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Why has Rohit Sharma not been able to replicate his limited-overs form into Test cricket?

Kuljyot Singh
2.06K   //    27 Aug 2018, 15:31 IST

England v India - 3rd Vitality International T20
England v India - 3rd Vitality International T20

Indian batsman Rohit Sharma made his international debut during the World T20 2007 in South Africa. He smashed an unbeaten half-century in just his second T20I match to help his team claim a fighting victory against South Africa and qualify for the semi-finals of the tournament. He made his ODI debut against Ireland in 2007 and started playing in the middle-order position.

After earning some success in the initial part of his ODI career, Rohit was several times dropped from the national side. However, the real turning point in the Indian batsman’s career came in, when he was given the chance to open the innings during the ICC Champions Trophy 2013 in England by the Indian captain MS Dhoni. Since then, Rohit has excelled massively and has also made numerous improvements in his techniques, which is required for an opener to succeed in different types of conditions.

The 31-year old has so far played 183 ODIs and 84 T20Is for India, in which he has scored 6748 and 2086 runs respectively both at an impressive average. He has amassed 18 hundred in the 50-overs format and is the only cricketer on the planet to score three double centuries in ODI cricket. The right-hander also has 3 T20I hundreds to his name and one of them being the joint-fastest century which came off just 35 balls against Sri Lanka in 2017.

Rohit after making a mark in the limited-overs format has failed to replicate his impressive form in Test cricket. He made his Test debut in 2013 during a home series against the Windies and scored a scintillating ton on debut at the Eden Gardens in Kolkata. He followed it with another century in his second match during his innings of 111 runs at the Wankhede Stadium and also became the only third Indian cricketer to score back-to-back centuries in the first two Tests. However, after an exciting start to his Test career, he failed to score runs in the overseas conditions, thus he was dropped several times from the Indian Test team. He was also recently recalled into the Test side due to his striking performance in the home series against Sri Lanka, but once again he flunked convincingly to show some grit and application in the away series in South Africa, earlier this year.

Here are the three potent reasons on why Rohit has not been able to replicate his limited-overs form into Test match cricket:

1. Struggles against the moving ball

 As seen in the recent games against the Proteas and the majority of his Test career, Rohit has found it really hard to score runs against the moving ball in both swinging and seaming conditions. In the modern day limited-overs cricket, most of the batsmen around the world including Rohit have got very much used to playing with the white ball which does not swing much. The lack of swing allows the batsmen to hit through the line shots and score runs heavily and make a merry of the bowlers. Rohit has had his share of struggles in the seaming conditions against quality bowlers, who continuously look to target his weaker areas, which is a major reason for his failure to make a similar mark in the longest format of the game.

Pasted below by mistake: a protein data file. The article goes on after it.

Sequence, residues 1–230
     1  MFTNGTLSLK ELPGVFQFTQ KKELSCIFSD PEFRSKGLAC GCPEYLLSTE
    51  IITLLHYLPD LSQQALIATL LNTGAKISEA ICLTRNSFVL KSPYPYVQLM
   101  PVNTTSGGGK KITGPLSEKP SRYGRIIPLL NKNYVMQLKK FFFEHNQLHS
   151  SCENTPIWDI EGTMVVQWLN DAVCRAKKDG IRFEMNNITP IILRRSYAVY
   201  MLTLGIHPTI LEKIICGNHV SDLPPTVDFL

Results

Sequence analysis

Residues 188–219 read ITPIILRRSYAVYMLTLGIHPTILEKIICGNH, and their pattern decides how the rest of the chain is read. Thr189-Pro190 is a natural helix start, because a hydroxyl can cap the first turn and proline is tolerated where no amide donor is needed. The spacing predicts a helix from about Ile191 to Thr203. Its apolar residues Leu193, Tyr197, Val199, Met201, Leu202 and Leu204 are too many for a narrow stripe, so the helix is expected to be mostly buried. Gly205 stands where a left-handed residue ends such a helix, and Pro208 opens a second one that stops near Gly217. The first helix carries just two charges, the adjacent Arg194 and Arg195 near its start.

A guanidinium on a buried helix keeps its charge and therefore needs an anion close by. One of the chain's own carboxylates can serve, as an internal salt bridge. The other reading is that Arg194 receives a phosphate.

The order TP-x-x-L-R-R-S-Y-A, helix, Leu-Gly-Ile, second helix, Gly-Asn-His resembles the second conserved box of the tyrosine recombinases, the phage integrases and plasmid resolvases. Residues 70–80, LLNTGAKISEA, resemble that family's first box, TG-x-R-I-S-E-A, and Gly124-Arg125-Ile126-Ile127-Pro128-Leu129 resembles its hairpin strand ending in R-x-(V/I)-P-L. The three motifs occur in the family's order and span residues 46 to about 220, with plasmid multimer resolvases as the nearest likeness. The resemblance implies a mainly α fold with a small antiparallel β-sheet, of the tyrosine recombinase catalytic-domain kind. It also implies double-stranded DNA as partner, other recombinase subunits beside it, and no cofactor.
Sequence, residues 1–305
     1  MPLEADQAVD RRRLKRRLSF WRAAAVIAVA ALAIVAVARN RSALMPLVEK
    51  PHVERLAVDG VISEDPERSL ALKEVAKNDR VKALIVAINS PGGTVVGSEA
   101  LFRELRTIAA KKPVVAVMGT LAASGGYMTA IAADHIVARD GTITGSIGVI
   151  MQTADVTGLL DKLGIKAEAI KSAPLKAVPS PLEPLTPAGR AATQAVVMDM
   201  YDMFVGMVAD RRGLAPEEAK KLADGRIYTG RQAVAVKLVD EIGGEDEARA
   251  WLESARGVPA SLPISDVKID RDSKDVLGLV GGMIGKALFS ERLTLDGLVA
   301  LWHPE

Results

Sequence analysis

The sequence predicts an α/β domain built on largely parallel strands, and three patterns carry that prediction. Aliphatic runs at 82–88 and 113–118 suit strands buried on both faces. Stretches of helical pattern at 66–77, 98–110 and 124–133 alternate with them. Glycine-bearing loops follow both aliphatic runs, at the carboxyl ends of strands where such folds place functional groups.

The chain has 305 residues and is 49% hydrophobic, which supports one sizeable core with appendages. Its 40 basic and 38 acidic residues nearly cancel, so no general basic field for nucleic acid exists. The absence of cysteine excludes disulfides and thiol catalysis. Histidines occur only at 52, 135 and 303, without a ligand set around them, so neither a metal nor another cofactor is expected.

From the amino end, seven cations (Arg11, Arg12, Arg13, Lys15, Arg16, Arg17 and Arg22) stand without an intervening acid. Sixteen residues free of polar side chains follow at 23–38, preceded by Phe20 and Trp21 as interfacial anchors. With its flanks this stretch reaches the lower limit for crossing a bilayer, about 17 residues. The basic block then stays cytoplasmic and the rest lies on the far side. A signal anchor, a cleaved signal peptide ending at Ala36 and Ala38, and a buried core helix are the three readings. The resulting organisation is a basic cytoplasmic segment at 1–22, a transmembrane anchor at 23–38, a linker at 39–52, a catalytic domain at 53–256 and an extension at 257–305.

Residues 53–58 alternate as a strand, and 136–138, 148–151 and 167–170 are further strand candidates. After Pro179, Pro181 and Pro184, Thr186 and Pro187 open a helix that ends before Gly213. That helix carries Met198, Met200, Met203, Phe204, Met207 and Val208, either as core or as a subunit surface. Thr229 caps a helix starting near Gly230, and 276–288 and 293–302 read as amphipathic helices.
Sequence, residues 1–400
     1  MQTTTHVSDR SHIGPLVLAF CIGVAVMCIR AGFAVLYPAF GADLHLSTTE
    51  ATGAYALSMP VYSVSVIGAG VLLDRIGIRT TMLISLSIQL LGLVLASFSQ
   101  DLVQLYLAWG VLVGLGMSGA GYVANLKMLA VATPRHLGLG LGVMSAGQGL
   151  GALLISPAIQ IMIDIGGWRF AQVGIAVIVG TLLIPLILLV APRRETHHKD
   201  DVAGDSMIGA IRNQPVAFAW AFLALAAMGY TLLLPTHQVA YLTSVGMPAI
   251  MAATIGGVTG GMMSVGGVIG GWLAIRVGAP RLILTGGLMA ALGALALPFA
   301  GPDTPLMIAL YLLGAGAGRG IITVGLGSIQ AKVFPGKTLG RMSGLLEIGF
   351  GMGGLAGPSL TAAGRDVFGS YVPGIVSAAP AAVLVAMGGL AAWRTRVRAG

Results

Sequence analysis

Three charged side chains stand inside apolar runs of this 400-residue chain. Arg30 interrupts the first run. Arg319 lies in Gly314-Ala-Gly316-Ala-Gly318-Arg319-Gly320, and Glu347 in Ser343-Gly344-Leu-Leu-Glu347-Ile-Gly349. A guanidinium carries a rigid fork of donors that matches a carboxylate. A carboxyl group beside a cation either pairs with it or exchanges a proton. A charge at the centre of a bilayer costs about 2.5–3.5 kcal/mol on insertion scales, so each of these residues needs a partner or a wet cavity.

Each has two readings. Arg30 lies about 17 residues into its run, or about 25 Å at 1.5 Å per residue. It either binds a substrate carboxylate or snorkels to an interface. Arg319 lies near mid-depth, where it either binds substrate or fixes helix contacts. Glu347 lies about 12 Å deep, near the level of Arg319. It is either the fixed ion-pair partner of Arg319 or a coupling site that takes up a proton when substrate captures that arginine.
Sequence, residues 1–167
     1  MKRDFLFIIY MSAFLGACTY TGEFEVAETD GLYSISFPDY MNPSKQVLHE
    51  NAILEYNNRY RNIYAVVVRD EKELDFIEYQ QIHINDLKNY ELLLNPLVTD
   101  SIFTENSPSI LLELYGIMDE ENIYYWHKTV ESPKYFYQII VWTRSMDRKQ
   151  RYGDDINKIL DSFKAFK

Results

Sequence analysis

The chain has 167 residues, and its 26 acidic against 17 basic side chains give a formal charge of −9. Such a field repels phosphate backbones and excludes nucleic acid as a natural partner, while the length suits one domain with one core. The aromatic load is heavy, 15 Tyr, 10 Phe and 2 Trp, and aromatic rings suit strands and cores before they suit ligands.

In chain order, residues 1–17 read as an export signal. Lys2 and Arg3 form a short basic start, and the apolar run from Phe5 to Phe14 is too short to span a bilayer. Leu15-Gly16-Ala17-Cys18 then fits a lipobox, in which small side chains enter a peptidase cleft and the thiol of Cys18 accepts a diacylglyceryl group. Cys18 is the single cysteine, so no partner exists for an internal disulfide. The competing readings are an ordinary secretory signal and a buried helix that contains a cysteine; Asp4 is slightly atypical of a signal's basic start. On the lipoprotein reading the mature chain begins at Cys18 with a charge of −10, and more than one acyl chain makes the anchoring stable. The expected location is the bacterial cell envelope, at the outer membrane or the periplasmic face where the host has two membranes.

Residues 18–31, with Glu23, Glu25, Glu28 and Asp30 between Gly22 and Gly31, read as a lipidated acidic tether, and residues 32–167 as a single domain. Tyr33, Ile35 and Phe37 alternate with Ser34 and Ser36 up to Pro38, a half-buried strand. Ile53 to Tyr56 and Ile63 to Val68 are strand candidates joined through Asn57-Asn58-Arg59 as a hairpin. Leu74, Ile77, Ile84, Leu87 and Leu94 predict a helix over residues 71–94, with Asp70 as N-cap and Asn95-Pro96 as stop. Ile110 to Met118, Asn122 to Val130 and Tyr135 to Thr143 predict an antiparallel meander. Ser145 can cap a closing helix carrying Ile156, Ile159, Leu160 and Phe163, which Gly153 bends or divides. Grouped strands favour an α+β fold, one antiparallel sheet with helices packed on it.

2. The irregularity due to injuries

Constant injuries at very crucial times have also been a reason for Rohit’s downfall in red-ball cricket. The Indian opener was about to make his Test debut first in February 2010 to replace VVS Laxman, but he conceded an anti-climatic injury while playing football in the warm-up session before the match. The dramatic injury forced him to delay his Test debut, which he later made in 2013. It is an optimistic view but had Rohit made his debut earlier, he could have been able to become a much consistent and different Test batsman.

3. Batting Position in Test matches

Rohit has been tried at several positions in the longest format, but so far he has found some comfort only at the No 6 position, where he has scored his three Test centuries. It is also a valid point that the Indian team mostly tend to play six specialist batsmen in challenging overseas conditions, which has been the time Rohit is included in the playing XI. Since making his debut in 2013, he has played 25 Tests in which he has scored 2682 runs at an average of 39.97 and has been in and out of the Test side due to selections in accordance with the conditions. In a recent interview, Rohit mentioned that he is ready to open the innings in Test matches, if the team wants him to, much like the limited-overs format.

However, it is a difficult thing to digest for all of Rohit’s fans and the spectators that a batsman like him who has made a majestic stature for himself in limited-overs, has failed to make a similar impact in Test cricket. The other strange thing is that he has three-double centuries to his name in the 50-overs format and has not been able to play big innings in the longest format of the game

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